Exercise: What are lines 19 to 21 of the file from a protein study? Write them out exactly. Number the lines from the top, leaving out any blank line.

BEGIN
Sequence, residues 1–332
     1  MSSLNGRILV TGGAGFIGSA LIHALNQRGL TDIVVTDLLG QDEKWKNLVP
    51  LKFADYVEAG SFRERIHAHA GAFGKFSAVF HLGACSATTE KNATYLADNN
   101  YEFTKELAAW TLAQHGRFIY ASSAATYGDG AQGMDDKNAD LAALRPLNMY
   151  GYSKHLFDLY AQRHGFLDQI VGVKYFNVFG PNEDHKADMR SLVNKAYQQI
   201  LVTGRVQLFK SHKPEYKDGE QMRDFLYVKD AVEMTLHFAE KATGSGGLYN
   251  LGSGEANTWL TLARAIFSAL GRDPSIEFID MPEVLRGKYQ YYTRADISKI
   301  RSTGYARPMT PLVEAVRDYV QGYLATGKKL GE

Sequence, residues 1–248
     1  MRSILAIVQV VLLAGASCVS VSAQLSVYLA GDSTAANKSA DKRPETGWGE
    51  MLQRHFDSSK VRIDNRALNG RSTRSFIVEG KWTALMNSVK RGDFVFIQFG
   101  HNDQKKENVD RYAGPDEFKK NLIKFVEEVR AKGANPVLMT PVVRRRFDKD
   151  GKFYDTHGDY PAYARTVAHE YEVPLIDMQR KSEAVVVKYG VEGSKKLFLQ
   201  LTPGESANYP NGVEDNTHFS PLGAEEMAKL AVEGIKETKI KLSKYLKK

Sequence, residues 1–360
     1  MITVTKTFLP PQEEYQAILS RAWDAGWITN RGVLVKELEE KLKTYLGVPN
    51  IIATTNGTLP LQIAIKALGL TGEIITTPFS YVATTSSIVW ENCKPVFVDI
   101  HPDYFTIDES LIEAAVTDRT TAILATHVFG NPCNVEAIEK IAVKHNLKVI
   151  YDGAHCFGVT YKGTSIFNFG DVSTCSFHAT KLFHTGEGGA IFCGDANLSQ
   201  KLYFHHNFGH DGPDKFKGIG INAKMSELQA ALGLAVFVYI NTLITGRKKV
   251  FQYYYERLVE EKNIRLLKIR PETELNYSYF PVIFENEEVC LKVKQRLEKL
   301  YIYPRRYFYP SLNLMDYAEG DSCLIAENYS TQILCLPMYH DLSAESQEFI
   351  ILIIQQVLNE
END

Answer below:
   151  YDGAHCFGVT YKGTSIFNFG DVSTCSFHAT KLFHTGEGGA IFCGDANLSQ
   201  KLYFHHNFGH DGPDKFKGIG INAKMSELQA ALGLAVFVYI NTLITGRKKV
   251  FQYYYERLVE EKNIRLLKIR PETELNYSYF PVIFENEEVC LKVKQRLEKL